Influence of acetylsalicylic acid (Aspirin) on cutaneous microcirculation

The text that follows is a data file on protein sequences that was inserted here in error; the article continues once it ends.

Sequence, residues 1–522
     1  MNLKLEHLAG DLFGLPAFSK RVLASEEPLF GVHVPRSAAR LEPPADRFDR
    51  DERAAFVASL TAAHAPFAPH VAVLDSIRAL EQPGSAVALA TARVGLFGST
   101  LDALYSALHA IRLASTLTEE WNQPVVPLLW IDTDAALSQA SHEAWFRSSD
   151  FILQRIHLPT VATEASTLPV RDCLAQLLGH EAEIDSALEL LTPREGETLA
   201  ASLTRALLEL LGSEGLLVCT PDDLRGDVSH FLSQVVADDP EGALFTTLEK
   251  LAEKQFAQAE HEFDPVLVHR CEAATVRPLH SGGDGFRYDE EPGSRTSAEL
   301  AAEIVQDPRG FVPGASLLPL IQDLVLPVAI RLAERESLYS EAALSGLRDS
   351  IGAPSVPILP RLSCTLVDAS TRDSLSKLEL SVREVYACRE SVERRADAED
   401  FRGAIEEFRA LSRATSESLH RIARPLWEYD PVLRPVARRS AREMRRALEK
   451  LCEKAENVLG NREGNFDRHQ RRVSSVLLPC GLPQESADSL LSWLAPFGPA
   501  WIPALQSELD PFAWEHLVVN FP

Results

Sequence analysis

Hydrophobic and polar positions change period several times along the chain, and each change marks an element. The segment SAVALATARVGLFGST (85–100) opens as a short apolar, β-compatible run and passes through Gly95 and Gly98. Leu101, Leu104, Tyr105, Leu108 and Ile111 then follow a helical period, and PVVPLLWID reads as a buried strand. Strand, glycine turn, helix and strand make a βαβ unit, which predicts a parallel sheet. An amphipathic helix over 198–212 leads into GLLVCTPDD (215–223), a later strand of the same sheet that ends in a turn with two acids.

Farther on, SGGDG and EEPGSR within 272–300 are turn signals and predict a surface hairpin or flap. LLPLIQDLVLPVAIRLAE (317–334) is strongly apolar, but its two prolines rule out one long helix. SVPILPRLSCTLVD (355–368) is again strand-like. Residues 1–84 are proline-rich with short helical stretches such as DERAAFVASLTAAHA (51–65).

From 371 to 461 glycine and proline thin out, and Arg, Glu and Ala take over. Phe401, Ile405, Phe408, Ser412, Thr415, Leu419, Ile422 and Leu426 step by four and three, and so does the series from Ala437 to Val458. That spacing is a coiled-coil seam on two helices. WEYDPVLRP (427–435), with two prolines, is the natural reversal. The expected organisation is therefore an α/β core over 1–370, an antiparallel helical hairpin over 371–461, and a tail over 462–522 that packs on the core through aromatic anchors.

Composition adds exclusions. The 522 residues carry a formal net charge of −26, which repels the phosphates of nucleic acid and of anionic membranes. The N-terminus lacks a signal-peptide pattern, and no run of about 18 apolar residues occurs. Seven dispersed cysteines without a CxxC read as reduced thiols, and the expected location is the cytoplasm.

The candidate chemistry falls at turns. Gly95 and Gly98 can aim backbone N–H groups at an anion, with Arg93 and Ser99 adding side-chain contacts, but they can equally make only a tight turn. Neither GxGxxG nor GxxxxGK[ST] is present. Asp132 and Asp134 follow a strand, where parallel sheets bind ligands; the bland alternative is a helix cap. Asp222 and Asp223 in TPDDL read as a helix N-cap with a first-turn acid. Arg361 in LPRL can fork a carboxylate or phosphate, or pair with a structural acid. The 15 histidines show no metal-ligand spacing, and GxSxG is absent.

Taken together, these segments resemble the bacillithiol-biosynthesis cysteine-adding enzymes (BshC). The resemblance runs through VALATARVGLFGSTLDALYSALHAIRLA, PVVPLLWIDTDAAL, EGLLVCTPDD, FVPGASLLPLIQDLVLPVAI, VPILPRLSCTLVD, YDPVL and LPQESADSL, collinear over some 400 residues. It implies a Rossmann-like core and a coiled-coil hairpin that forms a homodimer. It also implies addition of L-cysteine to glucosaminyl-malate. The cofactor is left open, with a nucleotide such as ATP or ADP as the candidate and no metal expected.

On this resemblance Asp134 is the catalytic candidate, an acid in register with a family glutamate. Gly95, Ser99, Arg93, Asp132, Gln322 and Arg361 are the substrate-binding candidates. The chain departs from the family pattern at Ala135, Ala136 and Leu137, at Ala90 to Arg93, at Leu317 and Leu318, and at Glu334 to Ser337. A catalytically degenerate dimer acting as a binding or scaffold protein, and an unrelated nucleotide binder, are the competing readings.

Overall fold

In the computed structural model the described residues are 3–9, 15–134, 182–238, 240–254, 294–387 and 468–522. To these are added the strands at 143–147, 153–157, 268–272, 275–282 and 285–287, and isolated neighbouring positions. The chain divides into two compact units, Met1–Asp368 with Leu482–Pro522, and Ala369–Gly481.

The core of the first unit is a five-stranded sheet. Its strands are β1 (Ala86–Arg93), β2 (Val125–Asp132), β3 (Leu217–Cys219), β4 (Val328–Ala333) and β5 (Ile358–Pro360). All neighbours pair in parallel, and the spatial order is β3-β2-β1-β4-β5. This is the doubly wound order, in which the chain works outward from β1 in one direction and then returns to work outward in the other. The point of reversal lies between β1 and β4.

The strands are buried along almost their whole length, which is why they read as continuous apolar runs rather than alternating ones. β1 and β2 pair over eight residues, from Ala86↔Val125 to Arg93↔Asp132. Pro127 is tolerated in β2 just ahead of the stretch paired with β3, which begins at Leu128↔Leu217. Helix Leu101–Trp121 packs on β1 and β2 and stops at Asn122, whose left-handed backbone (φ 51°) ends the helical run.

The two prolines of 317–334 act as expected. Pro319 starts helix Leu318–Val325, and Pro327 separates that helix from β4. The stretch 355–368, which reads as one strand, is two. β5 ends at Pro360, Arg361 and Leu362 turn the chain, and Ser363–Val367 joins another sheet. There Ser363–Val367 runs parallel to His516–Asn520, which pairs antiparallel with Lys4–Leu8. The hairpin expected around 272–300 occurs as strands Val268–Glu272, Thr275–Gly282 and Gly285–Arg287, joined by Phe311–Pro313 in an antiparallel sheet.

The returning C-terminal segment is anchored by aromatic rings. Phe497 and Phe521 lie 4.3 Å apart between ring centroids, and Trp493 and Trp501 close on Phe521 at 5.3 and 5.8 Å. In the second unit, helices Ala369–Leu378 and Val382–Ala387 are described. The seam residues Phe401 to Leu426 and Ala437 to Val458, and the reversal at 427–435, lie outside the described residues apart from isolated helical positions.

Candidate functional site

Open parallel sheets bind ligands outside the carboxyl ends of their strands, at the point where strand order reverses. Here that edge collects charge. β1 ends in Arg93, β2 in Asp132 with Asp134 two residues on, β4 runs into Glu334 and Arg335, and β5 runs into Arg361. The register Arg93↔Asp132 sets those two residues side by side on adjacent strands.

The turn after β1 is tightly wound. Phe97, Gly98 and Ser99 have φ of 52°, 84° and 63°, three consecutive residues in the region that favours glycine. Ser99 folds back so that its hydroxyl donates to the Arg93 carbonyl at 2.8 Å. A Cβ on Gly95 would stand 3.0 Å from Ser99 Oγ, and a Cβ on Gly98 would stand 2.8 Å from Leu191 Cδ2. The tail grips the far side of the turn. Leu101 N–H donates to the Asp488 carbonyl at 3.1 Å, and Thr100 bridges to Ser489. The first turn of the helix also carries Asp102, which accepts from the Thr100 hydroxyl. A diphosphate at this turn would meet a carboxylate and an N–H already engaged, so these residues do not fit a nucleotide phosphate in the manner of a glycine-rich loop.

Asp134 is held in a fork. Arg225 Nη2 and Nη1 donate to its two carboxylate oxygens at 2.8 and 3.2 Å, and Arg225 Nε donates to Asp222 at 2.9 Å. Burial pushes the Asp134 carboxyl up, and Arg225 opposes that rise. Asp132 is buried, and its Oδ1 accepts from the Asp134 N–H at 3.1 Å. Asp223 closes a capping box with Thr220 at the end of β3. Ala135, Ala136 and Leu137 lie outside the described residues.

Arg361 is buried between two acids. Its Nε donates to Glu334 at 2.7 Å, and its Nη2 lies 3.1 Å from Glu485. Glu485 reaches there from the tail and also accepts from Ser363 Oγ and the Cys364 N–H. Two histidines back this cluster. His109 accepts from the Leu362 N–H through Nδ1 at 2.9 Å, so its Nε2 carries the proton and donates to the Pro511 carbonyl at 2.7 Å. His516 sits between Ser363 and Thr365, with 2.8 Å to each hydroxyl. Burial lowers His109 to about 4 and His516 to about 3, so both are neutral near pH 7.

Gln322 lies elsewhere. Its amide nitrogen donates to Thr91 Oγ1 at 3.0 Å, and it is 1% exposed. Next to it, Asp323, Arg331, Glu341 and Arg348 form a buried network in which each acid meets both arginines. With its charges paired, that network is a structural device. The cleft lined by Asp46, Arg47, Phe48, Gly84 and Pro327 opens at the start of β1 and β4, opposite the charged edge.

Background: The protective effect of acetylsalicylic acid (aspirin) in primary and secondary prophylaxis of cardiovascular events is attributed to the inhibition of platelet cyclooxygenase (COX). However, a recent animal study found a vasodilating and blood pressure lowering effect of aspirin independent of COX, but mediated by inhibition of the RhoA/Rho kinase signaling pathway. Method: Prospective, randomized, double-blind, placebo-controlled cross-over study. In each instance 5 healthy volunteers received either aspirin 500 mg/d or placebo for 7 days. Capillary red blood cell velocity (vRBC) at rest and after postischemic hyperemia was determined on day 1 and 7 by means of nailfold capillary microscopy. Results: In the aspirin group after 7 days a significant increase of vRBC was found at rest and during hyperemia. In the placebo group vRBC did not change. The finding was confirmed by the cross-over design of the study. Conclusion: Aspirin at a dosage of 500 mg/d has an impact on vasoregulation in the microcirculation. At present, the underlying mode of action in humans is unknown.
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